Do you realize that the UK doesn’t make high school movies? I hadn’t until director Marc Evans pointed this out and identified it as his reason for making Hunky Dory, which had its North American premiere here at SXSW. It’s the summer of 1976 at a Welsh comprehensive school, and drama teacher Vivienne (Minnie Driver) attempts to fight the general apathy of her students by putting on a play that “both William Shakespeare and David Bowie would be proud of”. That is, a rock opera version of The Tempest.
Hunky Dory is not just an ode to classic rock and the days of old, but also to American high school movies. Knowing this gave me an entirely different lens. (You can’t criticize something for being “just another high school movie” when that is precisely what it sets out to be.) It is an homage to American teen movies like JJ Abrams’ Super 8 is an homage to Spielberg.
To aid that premise (Teens are apathetic? Whaaaaa?), all the stereotypes are here: the popular girl, the outcast, the jock, the rocker… etc. etc. etc. It’s not John Hughes level story or character development (in fact, there are a lot of characters, and I had some trouble keeping them all straight), but from an American perspective, the Welsh charm works in its favor. Funny how we already like movies from the UK, yet here is one trying to be more American.
All of the music and singing was recorded live on set—no lip-syncing, no ADR. I’m not sure why exactly, as it seems traditional production practice might have been easier, but it is at least an impressive factoid.
I love Minnie Driver, and here she is winning with an excellent supporting cast of teens (Aneurin Barnard and Tomos Harries are standouts both singing and acting).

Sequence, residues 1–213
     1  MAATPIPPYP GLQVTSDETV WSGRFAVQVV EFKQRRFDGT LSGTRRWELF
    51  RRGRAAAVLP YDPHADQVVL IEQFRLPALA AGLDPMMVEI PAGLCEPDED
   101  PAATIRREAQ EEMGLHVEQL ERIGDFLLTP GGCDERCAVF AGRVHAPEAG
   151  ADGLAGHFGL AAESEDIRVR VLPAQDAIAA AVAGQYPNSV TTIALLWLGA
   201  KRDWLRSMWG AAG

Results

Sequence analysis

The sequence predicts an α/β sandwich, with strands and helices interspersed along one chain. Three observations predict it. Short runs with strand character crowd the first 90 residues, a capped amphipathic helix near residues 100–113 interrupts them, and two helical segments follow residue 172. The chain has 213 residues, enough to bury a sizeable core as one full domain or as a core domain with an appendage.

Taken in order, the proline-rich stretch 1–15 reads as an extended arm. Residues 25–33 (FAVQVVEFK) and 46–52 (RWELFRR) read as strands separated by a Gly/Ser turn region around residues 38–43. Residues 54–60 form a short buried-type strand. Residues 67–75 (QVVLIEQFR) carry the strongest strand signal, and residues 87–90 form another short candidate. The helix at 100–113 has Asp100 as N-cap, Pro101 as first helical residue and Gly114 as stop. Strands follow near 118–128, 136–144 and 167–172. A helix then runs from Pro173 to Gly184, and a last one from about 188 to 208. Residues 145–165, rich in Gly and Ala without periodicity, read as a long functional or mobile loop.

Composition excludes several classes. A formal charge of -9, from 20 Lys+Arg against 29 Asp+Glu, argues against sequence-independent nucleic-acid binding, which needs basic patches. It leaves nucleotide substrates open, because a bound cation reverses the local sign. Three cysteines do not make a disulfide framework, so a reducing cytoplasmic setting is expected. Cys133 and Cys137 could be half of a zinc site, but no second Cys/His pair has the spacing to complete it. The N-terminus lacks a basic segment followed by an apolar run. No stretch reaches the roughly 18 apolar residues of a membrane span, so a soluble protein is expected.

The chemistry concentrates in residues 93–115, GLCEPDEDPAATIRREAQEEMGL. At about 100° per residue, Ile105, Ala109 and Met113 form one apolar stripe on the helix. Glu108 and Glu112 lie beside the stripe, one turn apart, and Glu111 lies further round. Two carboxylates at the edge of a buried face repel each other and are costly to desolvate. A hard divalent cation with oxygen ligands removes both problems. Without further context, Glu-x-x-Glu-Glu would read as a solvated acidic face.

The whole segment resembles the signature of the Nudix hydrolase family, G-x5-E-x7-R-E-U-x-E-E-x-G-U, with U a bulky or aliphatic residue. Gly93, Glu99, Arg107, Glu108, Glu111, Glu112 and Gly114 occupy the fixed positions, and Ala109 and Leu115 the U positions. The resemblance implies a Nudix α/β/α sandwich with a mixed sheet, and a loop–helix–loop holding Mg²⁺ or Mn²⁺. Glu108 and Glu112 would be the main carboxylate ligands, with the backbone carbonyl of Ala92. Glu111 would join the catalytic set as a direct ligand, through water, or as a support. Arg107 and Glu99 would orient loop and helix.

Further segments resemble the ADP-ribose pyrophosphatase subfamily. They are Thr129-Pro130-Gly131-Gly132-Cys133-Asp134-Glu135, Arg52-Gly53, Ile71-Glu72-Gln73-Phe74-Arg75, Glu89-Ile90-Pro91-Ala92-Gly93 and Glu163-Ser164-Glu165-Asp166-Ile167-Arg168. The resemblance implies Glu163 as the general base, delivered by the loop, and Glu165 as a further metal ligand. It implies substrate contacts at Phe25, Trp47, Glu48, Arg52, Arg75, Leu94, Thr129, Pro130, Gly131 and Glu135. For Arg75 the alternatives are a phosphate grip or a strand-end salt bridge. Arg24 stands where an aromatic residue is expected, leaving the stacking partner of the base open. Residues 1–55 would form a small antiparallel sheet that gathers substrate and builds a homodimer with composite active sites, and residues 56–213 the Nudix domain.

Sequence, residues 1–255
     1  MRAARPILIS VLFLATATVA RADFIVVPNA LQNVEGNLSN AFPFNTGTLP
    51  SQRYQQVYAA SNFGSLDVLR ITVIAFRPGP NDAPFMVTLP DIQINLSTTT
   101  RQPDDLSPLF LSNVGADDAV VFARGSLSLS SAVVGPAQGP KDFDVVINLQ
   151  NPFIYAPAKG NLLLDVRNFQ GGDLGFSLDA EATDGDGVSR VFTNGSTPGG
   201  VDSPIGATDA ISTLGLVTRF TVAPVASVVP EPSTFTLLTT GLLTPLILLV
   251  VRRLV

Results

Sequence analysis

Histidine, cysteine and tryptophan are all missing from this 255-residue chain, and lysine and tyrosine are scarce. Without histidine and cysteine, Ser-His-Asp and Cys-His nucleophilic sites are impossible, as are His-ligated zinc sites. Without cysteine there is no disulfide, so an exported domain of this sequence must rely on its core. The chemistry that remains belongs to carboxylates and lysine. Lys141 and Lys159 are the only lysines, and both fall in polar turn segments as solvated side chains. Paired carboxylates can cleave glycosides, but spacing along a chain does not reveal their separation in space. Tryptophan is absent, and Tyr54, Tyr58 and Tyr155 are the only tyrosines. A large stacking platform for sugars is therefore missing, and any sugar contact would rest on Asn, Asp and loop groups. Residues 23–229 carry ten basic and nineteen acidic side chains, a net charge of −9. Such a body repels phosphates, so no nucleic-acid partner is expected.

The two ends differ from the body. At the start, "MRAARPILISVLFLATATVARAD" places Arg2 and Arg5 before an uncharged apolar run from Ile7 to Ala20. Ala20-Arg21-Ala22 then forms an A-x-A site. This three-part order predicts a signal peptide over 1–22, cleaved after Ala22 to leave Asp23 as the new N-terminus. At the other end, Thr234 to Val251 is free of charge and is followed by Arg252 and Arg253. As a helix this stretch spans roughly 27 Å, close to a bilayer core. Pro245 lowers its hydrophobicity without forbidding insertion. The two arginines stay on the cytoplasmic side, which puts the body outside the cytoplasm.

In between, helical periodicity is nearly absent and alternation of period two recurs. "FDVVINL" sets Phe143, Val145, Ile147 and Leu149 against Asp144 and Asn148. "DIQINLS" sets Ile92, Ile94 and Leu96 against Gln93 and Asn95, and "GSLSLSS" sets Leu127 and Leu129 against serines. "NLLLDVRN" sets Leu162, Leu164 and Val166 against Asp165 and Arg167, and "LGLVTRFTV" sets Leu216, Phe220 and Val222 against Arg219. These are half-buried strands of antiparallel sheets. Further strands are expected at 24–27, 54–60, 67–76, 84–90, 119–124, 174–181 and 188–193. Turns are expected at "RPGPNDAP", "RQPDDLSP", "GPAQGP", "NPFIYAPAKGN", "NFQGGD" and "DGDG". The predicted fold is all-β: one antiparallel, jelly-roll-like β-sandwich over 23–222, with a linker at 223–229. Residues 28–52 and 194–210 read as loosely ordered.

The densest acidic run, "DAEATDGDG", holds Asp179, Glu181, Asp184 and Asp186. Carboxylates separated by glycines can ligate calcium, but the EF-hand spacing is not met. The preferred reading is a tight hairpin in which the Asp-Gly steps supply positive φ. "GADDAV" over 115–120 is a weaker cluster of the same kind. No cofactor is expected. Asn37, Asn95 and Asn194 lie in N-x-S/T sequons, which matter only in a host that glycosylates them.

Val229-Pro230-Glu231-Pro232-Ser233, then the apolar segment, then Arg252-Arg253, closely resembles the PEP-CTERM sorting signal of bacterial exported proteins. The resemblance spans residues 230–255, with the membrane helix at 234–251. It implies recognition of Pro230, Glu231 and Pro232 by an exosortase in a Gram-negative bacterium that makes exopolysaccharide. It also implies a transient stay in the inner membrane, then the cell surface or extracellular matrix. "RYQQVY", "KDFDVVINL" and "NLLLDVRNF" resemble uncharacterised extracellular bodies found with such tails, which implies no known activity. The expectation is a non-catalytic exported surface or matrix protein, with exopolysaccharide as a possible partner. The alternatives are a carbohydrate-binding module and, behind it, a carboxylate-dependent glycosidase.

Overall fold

The movie feels a bit long (although only 109 minutes), but the Bowie-laden Tempest number at the end is a good pay off. Nostalgia works in favor of Hunky Dory; the misty eyed audience member next to me choked out, “That’s the year I graduated high school…” as soon as the credits started to roll. The college girl on the other side of me had a different take away note, “Let’s Google Aneurin Barnard…oh good! He’s not seventeen. Cha-ching!” Something for everyone apparently.
Someone Up There Likes Me—what a totally bizarre movie this is. I will admit, its selling point for me was the fact that the music was scored by Chris Baio, who is the bass player in Vampire Weekend. Not until later did I find out it was produced by and stars Nick Offerman (a.k.a. Ron Swanson on Parks and Recreation). Writer/director Bob Byington (RSO, Harmony and Me), who is also a local, and all the Austin hot spots were fun to see on screen.
So to exemplify bizarre, imagine a story taking place over the course of 35 years, told in five year increments, with a protagonist (Keith Poulson) who never ages in appearance, but his character does in the story. When asked about this in the Q&A, Byington gave a mumbled answer… something about makeup and Poulson, and how it was kind of an accident, but “ended up meaning something I guess”. As I said, bizarre.
Offerman plays Sal, best friend and co-worker to the insanely narcissistic Max (Poulson). Over the course of 35 years, they experience a series of varying entanglements, including each being married to Lyla (Jess Weixler). There are weddings and funerals, hospital visits, affairs, divorce all conveyed in a totally deadpan fashion.
I think that’s what didn’t click for me. Weddings and funerals aren’t light matters, so asking me to make light of such serious issues with little pay off was a hard sell. And when a movie fails to have a message other than “this is what happened”, I can’t help but question the intent of the filmmaker (or whether they even had one). On paper this film may be about life, friendship and love—yes, but what about life, friendship, and love? I felt awful when it was over… was I supposed to? I enjoyed the female lead (Weixler), the quirky pop music score, and of course Offerman, but the bottom line for me is that this one just falls short.
// Moving Pixels
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